The U.S. Securities and Exchange Commission is investigating allegations that Andrew Liveris, chairman and chief executive officer of industrial giant Dow Chemical Co (DOW), misused company funds for personal benefit, according to people familiar with the matter.
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It is not clear whether the SEC investigation is limited to the spending allegations or is broader in scope. Also unclear is whether regulators have ordered Dow, Liveris or other company officials to hand over documents or testify as part of the government's investigation.
But Reuters has learned that the SEC did issue subpoenas for thousands of pages of documents and testimony that were part of a whistleblower-retaliation lawsuit brought last year by a former Dow employee, Kimberly Wood.
Wood, a fraud investigator at Dow, alleged that company money had financed vacations, sports junkets and other perks for Liveris and his family. Dow settled with Wood earlier this year, and both parties agreed not to discuss the case.
A Dow spokesman did not have immediate comment for this story.
The SEC investigation does not mean that regulators have found any wrongdoing. Such investigations can lead to civil cases against companies and their employees, or they can end with no charges, sometimes months or years later.
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In May, a Reuters investigation showed that Wood was not the only Dow employee to question whether Liveris, one of the world's best-known CEOs, used his position for his personal benefit. A series of internal examinations by Dow's auditors, including former chief auditor Doug Anderson, spanned a period from 2008 to 2013.
Upon leaving the company in 2013, Reuters found, Anderson sent a memo to top company officials labeled "DOW CONFIDENTIAL." In it, he raised concerns about what he called "suspected ethical and compliance issues or violations." Both Anderson's memo and Wood's lawsuits raised questions about whether spending that involved Liveris was properly accounted for by Dow and accurately disclosed to shareholders and the SEC.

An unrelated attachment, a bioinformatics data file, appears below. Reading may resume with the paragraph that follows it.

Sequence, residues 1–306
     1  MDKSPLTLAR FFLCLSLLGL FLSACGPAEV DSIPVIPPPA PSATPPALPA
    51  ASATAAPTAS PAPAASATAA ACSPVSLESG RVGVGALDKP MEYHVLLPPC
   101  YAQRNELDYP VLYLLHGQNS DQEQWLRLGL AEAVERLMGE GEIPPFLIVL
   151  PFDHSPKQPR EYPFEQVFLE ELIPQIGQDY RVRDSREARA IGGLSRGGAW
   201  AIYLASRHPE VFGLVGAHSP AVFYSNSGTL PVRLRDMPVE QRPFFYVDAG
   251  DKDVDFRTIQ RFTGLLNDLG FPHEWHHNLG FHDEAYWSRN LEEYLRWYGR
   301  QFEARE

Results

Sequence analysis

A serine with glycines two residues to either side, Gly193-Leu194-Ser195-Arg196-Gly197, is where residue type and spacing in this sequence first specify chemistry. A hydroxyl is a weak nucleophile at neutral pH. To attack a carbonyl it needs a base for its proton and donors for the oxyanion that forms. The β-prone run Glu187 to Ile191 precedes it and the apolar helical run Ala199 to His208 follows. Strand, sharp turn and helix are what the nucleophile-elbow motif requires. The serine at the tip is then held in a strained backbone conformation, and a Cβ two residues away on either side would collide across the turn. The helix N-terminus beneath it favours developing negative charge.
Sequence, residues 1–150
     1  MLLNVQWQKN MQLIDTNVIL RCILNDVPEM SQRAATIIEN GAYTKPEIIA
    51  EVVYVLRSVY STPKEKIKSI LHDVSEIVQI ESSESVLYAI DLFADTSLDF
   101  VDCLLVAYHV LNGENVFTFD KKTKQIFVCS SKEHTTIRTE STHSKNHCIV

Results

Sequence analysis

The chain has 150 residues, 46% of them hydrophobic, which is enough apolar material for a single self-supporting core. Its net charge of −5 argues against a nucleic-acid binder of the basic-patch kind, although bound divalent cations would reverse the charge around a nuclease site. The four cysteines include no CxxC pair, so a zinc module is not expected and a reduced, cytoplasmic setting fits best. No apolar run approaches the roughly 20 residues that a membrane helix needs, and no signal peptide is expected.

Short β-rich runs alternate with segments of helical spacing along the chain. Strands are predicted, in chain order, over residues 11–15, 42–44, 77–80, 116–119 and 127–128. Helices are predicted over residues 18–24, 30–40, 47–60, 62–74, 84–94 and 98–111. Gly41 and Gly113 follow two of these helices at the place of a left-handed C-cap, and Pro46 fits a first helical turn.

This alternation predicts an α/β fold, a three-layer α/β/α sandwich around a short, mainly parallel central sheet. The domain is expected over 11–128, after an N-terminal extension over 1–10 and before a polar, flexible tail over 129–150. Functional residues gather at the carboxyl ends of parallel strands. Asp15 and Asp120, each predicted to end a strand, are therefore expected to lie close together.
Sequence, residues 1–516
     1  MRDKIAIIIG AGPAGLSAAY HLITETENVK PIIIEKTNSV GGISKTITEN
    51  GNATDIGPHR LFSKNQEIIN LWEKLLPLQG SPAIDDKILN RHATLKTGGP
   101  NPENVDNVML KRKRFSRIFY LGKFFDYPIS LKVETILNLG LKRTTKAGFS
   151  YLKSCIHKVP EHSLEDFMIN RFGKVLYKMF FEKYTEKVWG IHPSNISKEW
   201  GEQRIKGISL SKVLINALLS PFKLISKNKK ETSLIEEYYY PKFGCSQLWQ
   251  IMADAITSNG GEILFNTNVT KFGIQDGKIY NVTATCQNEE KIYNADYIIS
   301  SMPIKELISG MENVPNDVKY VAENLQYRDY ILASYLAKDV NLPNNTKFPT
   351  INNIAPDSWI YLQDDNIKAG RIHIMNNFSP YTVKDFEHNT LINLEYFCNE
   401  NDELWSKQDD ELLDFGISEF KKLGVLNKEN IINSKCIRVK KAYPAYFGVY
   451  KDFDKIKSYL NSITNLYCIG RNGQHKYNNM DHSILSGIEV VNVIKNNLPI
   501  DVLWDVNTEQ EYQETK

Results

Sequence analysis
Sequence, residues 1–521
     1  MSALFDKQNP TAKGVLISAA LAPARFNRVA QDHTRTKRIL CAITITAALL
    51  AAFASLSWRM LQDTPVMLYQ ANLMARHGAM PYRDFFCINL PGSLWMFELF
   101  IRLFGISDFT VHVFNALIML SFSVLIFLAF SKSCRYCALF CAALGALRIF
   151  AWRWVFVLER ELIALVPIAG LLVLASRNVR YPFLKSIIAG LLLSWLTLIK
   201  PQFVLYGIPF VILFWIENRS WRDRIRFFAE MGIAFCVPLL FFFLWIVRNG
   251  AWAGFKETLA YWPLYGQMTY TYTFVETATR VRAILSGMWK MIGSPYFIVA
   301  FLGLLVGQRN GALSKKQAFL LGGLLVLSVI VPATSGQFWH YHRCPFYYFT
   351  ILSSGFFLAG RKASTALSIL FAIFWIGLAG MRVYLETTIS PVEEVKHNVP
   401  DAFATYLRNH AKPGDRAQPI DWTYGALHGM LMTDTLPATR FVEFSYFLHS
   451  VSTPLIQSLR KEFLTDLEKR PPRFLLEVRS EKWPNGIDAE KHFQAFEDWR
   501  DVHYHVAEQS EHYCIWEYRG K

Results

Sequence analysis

In response to the Reuters story, Dow issued a statement to media outlets last month saying the article was inaccurate and included matters that were "long since closed. Disappointedly," the statement read, "Reuters somehow views these old matters as newsworthy."
Wood filed state and federal whistleblower lawsuits last year against Dow, Liveris and the company's top lawyer, Charles Kalil. She alleged that she was fired in 2013 for repeatedly reporting questionable spending by the CEO on activities unrelated to the company's business. Wood worked at Dow, the Midland, Michigan-based company, for 25 years.
After initially calling Wood's suits "baseless," Dow settled her claims in February for an undisclosed sum.
Now 61, the Australian-born Liveris has spent 11 years leading Dow, a global chemicals giant that generated $58 billion in revenue last year. He has earned more than $20 million annually, served as an adviser on manufacturing to U.S. President Barack Obama, and is often a featured speaker at events such as the World Economic Forum in Davos, Switzerland.
(By Joshua Schneyer, Sarah N. Lynch and Brian Grow; Editing by Blake Morrison and Nick Zieminski)